Remembering Hugo, Awaiting Irma

By: Chaunte McClure

Today reminds me of that warm, late summer afternoon in September 1989 when the threat of Hurricane Hugo had South Carolina residents on alert. I was in the eighth grade and vaguely recall standing in the courtyard in front of our high school as the light breeze brushed our faces and mangled our hair as my friends and I talked about little of nothing.

Fast forward 24, or maybe 48, hours and my family awoke to a quiet house with no electricity or running water. That was the state of our community for a few days. Bottled water was not a household grocery item in those days when scrunchies and leg warmers were accessories.

With Irma on the horizon, grocery stores are trying to keep up with the demand for bottled water. I’ve heard story after story and I’ve seen photo after photo of empty shelves where 24-packs of water are usually stocked. I’m sure my grandparents filled empty milk jugs with water in preparation for Hugo. When that stock nearly ran out, we journeyed to Mr. Howard’s house to refill our containers. Mr. Howard still had an old hand water pump. Though weathered from years of outdoor exposure, that rusty pump poured some of the coolest, best tasting water. I doubt anyone in my hometown still has one except for use as antique décor in their flower garden. Before Irma makes landfall in Florida and maybe Georgia and South Carolina, I’m sure many people will probably reminisce about that throwback water source.

I was in my garage Saturday and discovered three bottles of the water left from the 1,000-year flood experience of 2015 when we were without water for about three days. I’ll use those first (not for drinking), should circumstances warrant it. Unlike in 2015, this time, I’ll remember to fill the bathtubs with water in case we lose power.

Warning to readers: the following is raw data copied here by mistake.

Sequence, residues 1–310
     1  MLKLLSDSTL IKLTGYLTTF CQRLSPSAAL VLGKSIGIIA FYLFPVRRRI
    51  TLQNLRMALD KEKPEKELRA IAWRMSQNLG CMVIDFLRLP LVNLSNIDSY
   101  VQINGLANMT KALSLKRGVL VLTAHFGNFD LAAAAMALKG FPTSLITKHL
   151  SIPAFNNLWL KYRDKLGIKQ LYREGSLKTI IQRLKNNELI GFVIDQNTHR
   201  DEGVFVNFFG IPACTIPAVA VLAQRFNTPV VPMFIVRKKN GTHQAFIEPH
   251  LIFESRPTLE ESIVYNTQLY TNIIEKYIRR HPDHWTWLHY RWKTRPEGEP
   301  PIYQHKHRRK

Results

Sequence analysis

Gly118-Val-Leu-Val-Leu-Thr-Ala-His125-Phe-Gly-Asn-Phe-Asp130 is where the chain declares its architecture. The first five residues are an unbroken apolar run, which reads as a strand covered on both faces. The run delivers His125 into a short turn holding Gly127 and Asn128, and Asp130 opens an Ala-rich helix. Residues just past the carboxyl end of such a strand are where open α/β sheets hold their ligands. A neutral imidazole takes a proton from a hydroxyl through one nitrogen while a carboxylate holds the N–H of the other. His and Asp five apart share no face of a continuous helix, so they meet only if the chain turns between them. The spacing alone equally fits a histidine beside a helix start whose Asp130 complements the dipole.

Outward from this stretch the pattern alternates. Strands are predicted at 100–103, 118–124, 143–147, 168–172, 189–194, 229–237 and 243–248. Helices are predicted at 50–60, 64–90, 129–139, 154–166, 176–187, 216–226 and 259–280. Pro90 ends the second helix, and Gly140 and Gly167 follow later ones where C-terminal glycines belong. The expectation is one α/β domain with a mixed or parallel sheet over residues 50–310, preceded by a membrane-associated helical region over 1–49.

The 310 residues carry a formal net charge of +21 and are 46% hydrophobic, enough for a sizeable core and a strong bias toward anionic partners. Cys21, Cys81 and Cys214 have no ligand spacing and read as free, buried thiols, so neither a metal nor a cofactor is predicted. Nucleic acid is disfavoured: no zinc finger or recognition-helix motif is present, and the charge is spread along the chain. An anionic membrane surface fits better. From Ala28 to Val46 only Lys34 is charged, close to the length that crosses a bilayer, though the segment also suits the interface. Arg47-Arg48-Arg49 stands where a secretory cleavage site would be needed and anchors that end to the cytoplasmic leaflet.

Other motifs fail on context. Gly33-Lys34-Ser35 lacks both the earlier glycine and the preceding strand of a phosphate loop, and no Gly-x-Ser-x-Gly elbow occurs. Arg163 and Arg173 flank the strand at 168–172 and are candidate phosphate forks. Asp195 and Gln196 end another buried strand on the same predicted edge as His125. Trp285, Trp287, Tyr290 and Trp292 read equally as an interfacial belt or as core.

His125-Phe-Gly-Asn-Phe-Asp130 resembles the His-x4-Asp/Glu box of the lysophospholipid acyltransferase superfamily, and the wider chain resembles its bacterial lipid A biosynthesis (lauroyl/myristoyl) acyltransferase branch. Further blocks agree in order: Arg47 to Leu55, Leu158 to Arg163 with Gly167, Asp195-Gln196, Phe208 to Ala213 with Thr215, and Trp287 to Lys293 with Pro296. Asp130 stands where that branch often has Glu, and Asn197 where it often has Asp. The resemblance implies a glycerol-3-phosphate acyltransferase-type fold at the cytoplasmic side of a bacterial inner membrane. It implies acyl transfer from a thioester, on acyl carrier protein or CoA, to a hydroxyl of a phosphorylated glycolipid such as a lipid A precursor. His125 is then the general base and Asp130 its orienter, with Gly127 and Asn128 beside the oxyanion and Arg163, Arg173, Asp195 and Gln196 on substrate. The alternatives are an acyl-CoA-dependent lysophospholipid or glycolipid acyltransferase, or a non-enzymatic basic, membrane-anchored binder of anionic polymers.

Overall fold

I’ve seen a couple other good tips on preparing for a storm on Facebook the past couple of nights, neither of which I’ve heard of before. One of my friends shared a post from delish.com with a tip on determining if the food in your freezer completely thawed during a power outage while you were away. Here’s the tip: “You put a cup of water in your freezer. Freeze it solid and then put a quarter on top of it and leave it in your freezer. That way when you come back after you’ve been evacuated you can tell if your food went completely bad and just refroze or if it stayed Frozen while you were gone. If the quarter has fallen to the bottom of the cup that means all the food defrosted and you should throw it out. But if the quarter is either on the top or in the middle of the cup then your food may still be ok.”  – Sheila Pulanco Russell

Another Facebook tip that has gone viral from a Facebook user is on substitutes for sandbags. Edward Sweat says, “Plastic bags [garbage bags] 1/3 filled with water make good substitutes for sandbags at doorways.” And in the event water enters your house, he advises using paint cans or five-gallon buckets to support and elevate your furniture.

At this hour, the path of the storm is still unclear, but the best advice I have for you is to be safe and be prepared when and if Irma arrives.

Back-to-School Excitement

By: Chaunte McClure

For the first August in seven years, I will not head back to (seminary) school. No more three-hour weeknight classes or eight-hour Saturday classes. However, I’m engaged in the thrill of gearing up for a new school year.

I’ve made a few trips to an office supply store to stock up on the one cent folders and composition notebooks. Last night I took advantage of the $5 uniform shirts and $6 uniform pants online. Because I waited until almost midnight to take advantage of the good deals, some of the items I planned to purchase were out of stock. Tomorrow I’ll rummage the rounders for the remaining items on my list, all in the name of being a blessing to some special little people in my life.

Besides the last day, the first day of school was probably one of the most exciting for me. The adrenaline rush usually kept me up late like Santa was coming to town.